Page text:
Super Mex Shawn Hernandez may not be a household name like some wrestlers in the WWE, but the man from Houston, Texas is a global superstar. The passion and dedication that he has shown for wrestling over the past 20 years have allowed him to secure a place in the sport where he is making an impact both personally and professionally.
Not every independent wrestler is able to do that. Most wrestlers struggle on the independent circuit until they get their big break, and are offered the dream spot with the WWE. Hernandez however, is not like most wrestlers. Aside from having a few dark matches with the largest wrestling promotion in the world, Super Mex never wanted to be a permanent member of the WWE roster.
“I was more captivated by the Lucha wrestling and the Japanese style. I found it more appealing to be able to say that I’m going to Australia for three months, or I’m going to Germany for two months,” said Shawn Hernandez. “I wanted to do my job and then go home. It was never my dream to be on RAW or Samckdown every week.”
Professional wrestling is physically and mentally demanding. To be successful in the long run, one needs to possess certain character attributes. If you’re missing athleticism or discipline, you’re in the wrong business. Growing up, Hernandez is fortunate to have both.
Shawn’s father was a Green Beret who served in the Viet Nam War. His 30-year military experience had a huge influence on Shawn and though his father was very loving, he was also very strict. Shawn was expected to achieve passing grades, he wasn’t allowed to play football until the 11th grade, and his first date was at his senior prom.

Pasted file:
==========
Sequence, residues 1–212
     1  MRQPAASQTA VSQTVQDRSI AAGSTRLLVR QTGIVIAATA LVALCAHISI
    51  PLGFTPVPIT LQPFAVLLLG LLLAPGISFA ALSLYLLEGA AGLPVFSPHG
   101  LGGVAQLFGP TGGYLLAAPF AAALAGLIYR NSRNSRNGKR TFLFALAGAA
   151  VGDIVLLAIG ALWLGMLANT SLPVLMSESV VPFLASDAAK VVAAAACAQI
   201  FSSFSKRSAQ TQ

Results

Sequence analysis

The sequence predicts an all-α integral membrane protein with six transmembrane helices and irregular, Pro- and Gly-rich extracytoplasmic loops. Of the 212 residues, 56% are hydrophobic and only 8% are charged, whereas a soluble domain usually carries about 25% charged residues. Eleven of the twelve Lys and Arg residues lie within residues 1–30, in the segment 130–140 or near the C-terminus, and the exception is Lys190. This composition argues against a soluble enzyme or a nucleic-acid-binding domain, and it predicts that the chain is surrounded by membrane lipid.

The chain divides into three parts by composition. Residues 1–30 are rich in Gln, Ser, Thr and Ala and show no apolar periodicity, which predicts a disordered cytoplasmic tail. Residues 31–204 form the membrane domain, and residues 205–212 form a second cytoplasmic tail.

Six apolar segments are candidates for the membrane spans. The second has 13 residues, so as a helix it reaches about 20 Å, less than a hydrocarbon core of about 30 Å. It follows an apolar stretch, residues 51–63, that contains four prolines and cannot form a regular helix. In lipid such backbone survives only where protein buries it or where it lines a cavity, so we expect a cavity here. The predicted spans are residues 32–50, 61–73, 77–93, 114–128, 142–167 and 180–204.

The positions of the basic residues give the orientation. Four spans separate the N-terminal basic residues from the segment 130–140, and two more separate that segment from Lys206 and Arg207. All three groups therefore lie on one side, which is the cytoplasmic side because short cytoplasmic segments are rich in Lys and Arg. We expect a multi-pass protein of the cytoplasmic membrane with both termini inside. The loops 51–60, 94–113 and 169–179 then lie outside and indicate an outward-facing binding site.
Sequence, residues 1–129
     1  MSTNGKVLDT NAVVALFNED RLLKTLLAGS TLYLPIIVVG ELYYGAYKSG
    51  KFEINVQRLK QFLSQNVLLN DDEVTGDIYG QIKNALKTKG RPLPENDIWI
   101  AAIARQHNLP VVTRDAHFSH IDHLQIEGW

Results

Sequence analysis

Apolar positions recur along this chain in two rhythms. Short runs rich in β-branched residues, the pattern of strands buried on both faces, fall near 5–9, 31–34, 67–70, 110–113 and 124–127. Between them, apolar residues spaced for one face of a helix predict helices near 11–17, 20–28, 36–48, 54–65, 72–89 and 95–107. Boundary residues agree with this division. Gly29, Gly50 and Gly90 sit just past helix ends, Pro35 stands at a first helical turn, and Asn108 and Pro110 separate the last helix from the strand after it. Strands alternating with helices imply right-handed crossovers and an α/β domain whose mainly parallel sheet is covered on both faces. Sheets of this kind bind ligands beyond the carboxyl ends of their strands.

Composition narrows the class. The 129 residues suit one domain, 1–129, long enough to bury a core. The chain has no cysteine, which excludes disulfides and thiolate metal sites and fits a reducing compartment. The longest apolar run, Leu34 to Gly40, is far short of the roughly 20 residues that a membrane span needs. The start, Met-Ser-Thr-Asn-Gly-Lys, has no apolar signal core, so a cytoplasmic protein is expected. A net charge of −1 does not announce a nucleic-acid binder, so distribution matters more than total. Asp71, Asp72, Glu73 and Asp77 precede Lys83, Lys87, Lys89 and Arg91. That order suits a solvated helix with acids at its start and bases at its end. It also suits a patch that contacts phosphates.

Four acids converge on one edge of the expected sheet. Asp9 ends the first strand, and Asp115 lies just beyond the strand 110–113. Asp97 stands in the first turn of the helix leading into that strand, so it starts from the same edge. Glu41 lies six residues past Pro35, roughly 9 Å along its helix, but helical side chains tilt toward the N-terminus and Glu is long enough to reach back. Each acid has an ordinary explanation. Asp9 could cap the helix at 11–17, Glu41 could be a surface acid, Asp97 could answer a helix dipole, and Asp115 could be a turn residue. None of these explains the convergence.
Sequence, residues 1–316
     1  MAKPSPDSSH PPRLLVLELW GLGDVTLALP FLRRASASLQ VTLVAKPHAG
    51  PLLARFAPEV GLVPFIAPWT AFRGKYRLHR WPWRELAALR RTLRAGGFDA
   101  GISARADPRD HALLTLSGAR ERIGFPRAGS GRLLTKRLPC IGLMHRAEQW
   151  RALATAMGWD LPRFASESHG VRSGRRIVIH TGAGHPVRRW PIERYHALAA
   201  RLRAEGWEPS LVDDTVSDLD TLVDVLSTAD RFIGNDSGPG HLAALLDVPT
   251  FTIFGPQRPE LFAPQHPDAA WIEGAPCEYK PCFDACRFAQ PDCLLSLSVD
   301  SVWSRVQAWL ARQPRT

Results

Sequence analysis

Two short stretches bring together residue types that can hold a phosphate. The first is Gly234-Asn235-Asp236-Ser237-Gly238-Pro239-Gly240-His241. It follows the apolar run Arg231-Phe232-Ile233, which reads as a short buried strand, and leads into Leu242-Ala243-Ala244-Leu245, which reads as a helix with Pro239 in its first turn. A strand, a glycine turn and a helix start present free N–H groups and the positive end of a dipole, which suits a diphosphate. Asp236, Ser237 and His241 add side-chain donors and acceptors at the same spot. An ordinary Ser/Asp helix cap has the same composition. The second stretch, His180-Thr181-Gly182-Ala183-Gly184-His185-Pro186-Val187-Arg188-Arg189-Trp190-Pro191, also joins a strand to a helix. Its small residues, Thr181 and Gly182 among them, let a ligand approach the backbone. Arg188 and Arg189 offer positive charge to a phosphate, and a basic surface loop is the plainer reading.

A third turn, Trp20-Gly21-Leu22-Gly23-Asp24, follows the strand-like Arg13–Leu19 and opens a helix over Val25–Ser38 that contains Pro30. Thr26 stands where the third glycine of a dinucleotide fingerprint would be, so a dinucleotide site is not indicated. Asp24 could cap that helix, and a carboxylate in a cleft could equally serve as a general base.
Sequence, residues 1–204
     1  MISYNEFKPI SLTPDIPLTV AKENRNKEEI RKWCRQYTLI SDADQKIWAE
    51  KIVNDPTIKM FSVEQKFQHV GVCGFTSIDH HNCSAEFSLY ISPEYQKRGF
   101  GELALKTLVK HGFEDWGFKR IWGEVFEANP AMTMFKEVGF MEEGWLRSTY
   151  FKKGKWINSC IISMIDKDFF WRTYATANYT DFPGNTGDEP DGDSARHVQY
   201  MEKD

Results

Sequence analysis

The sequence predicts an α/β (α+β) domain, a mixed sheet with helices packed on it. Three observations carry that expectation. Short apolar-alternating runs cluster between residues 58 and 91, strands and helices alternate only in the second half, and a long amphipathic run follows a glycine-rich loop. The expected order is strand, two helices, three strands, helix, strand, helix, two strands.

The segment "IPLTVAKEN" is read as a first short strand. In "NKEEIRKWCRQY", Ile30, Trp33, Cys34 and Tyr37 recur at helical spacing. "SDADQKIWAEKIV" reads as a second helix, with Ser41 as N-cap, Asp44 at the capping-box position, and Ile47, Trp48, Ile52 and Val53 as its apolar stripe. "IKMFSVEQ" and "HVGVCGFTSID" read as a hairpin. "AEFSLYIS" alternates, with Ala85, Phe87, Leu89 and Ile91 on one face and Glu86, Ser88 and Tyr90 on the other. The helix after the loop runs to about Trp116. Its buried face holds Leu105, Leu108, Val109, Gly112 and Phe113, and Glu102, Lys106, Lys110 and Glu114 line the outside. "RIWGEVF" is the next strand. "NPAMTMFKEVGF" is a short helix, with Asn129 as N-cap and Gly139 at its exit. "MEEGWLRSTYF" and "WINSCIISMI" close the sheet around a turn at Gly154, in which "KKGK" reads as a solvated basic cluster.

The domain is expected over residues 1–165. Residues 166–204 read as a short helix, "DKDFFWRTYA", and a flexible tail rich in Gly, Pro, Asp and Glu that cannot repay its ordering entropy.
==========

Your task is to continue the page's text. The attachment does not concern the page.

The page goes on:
High school football prepared him for a defensive spot on two different college teams, but when it came to the NFL, no team was looking for a 260-pound defensive lineman. When college ended, he passed on the Canadian Football League after a tryout. Hernandez came back to Houston and played two years with the Arena Football League.
At the age of 25, and responsible for supporting a child, Hernandez knew that Arena Football wasn’t going to pay the bills. At a crossroads in his life and not knowing what he was going to do, he decided to pursue his childhood dream of becoming a professional wrestler.
“It was a little awkward because I was 25 and I was asking my father for permission,” Hernandez said. “Football didn’t pay the bills and it was important for my father to raise me as a productive member of society.”
Hernandez didn’t have to go far for professional training. He was trained by Tugboat and Chaz Taylor in his hometown of Houston. When the time was right, he hit the independent scene hard. By 1999, he was working on a regular basis with Texas All-Star Wrestling. After holding the mid-card spot for three months, he moved up to having main event matches. It was also around this time when Shawn had his dark matches with the WWE and had a couple of tours in Japan.
“Wrestling on a regular basis and making decent money is two different things,” Hernandez explains. “But it was about this time that I thought that I could really break out and make some money at this.”
Wrestling outside the United States and establishing himself as an international wrestler in countries such as Germany, Australia, Japan, and Mexico, were enabling him to be a full-time wrestler. When the up and coming wrestler from Texas would come back to the States, he struggled to make substantial money wrestling on the weekends on the independent circuit
“Nobody was teaching me how to make money on a regular basis. They were happy to see me fly off the top rope, but I couldn’t make money in the independents,” Hernandez said. “I was told that I needed to do transitional wrestling, mat wrestling, and to have excellent conditioning.”